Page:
The Honda's Linked Braking...
The Honda's Linked Braking System used a proportioning valve mounted on the front fork to apply the front brakes gradually when the rear brake pedal was applied. In '99, the system was updated with more front-brake bias when the front brake lever was used.
Suspension was perhaps another area that created some concern because Honda opted to save some money and not equip the bike with fully adjustable front and rear pieces. Instead, the fork had 43mm tubes with no adjustments at all while the rear used a Pro-Link shock with adjustable rebound and preload. Rake and trail was 25 degrees/4.01 inches, and the CBR had a claimed wheelbase of 58.7 inches and a seat height of 32.4 inches. With a 5.8-gallon fuel tank and a range of just over 220 miles, these bikes also saw a lot of duty for sport touring fans.
Part of the lure of this package was the wind-tunnel-designed bodywork that was touted to be a major reason Honda was poised to take the speed title away from Kawasaki. Even the front fender was part of the aero package as it was larger and covered more of the wheel and brakes than most bikes of the day. The nose of the bike was bullet shaped and very narrow; to further lower drag, the turn signals were incorporated into the backside of the mirrors. Some of these design elements may seem pretty common today but remember this was 1997-13 years ago-and this Honda was a bold statement in many ways back then.
One big advantage the CBR had over its Kawasaki rival was weight. The CBR came in almost 50 pounds lighter than the ZX-11 but on the dyno their engines cranked out nearly identical numbers-approximately 133 horsepower and 78 ft-lb of torque. When the bikes finally lined up in side-by-side top speed runs, the CBR-XX didn't exactly do a flyby of the old Ninja. In fact, both of them were still running 174-179 mph depending on the conditions they were tested in. On the drag strip their performance was similar also, with the CBR doing a quarter-mile in about 10.25 seconds vs. the heavier Kawasaki at 10.40 seconds. The Honda produced trap speeds of approximately 135 mph with the ZX-11 a couple miles per hour slower.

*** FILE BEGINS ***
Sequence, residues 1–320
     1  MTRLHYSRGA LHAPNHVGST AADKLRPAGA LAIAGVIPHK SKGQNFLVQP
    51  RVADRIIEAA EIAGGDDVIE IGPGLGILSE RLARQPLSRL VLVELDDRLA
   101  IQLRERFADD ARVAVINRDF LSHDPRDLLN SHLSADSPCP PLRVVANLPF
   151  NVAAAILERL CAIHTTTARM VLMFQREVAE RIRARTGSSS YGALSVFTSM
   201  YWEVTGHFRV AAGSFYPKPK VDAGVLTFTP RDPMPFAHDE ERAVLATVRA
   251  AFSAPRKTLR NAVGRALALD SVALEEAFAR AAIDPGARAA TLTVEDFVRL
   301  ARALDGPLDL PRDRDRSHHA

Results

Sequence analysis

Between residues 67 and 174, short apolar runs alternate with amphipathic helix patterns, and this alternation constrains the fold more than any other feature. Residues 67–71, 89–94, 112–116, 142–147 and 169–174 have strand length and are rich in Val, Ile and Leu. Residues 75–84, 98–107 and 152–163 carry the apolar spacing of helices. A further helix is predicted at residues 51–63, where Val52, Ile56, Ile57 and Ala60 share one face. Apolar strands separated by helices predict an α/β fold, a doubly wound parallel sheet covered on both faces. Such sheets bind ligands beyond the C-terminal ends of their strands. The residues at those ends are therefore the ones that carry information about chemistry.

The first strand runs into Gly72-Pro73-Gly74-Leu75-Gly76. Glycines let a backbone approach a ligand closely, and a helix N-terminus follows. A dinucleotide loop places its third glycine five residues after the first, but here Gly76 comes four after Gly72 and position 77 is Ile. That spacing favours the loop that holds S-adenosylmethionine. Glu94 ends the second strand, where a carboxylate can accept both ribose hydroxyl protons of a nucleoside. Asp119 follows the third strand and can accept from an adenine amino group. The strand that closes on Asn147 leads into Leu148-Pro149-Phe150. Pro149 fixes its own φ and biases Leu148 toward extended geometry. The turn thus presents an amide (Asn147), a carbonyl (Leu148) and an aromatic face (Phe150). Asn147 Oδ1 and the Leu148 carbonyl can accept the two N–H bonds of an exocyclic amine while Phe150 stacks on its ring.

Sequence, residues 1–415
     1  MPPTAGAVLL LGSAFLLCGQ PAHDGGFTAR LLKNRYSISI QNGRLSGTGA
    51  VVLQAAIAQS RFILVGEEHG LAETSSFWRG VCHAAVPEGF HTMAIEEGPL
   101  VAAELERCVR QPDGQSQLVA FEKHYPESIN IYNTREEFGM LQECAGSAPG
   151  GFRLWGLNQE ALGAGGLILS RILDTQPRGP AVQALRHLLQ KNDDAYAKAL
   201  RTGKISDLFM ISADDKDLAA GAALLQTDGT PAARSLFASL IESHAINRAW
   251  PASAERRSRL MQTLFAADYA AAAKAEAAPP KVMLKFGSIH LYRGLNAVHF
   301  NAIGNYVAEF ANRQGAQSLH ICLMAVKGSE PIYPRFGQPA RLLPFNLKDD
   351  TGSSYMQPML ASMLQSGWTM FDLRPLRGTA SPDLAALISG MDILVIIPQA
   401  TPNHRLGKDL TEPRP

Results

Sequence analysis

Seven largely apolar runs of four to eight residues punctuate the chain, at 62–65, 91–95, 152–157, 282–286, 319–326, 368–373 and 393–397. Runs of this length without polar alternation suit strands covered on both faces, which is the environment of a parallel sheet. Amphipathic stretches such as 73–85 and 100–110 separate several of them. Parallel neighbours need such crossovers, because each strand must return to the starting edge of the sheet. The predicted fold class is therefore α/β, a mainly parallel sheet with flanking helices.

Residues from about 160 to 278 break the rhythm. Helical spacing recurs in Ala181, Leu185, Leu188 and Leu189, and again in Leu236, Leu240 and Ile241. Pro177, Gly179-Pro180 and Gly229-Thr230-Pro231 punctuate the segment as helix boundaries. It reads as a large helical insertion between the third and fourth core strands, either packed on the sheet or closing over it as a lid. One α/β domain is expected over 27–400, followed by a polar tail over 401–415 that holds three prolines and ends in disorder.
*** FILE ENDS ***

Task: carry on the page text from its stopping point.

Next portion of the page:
Another difference between the Kawasaki and Honda was price. Honda released the CBR at $11,499 while the Kawasaki was only $10,599, which helped even the playing field when a buying decision had to be made. Suzuki and Yamaha also had open class bikes in 1997 but when it came time to talk about "the fastest", it was always the CBR and the ZX-11 that drew the attention.
Though it was the top speed talk that drew a lot of fans toward the bike, those that actually rode and owned one came away with another set of attributes that give it the cult-like following and earned it a spot in this series of articles. In addition to being fast, it was also lauded as being very smooth, stable and nimble despite the non-adjustable suspension. As is typically the case with Hondas, the fit and finish were also beyond reproach.
Hahn Racecraft created a bolt-on...
Hahn Racecraft created a bolt-on turbo kit for the injected XXs, which we sampled in our Feb. '00 issue. The kit operated at 10-12psi of boost, bumping horsepower to 220 with even more available.
In 1998, the bike didn't receive any major upgrades. In 1999 Honda ditched the carbs and replaced them with a more advanced EFI system and ram air. The package also included a knock sensor and a larger 6.3-gallon tank that was needed to house the fuel pump. Honda also saw fit to lower the MSRP to $10,999, tweak the linked brake system and revise the forks. The result was better midrange and more top-end power. Unfortunately for Honda, another Japanese manufacturer also picked 1999 as the year to fly their bird into town-Suzuki and the Hayabusa. After that, the top speed debate was over for the next decade.
The year 2000 came and so did the Kawasaki ZX-12R and suddenly the CBR had moved from first place down to third in the top speed contest; most shootouts also gave the sporting nod to the newer Kawasaki and Suzuki over the older Honda. With the Busa and the ZX-12R making horsepower numbers in the mid-150s the CBR-XX was starting to show its age-although it was still a great bike by any measure.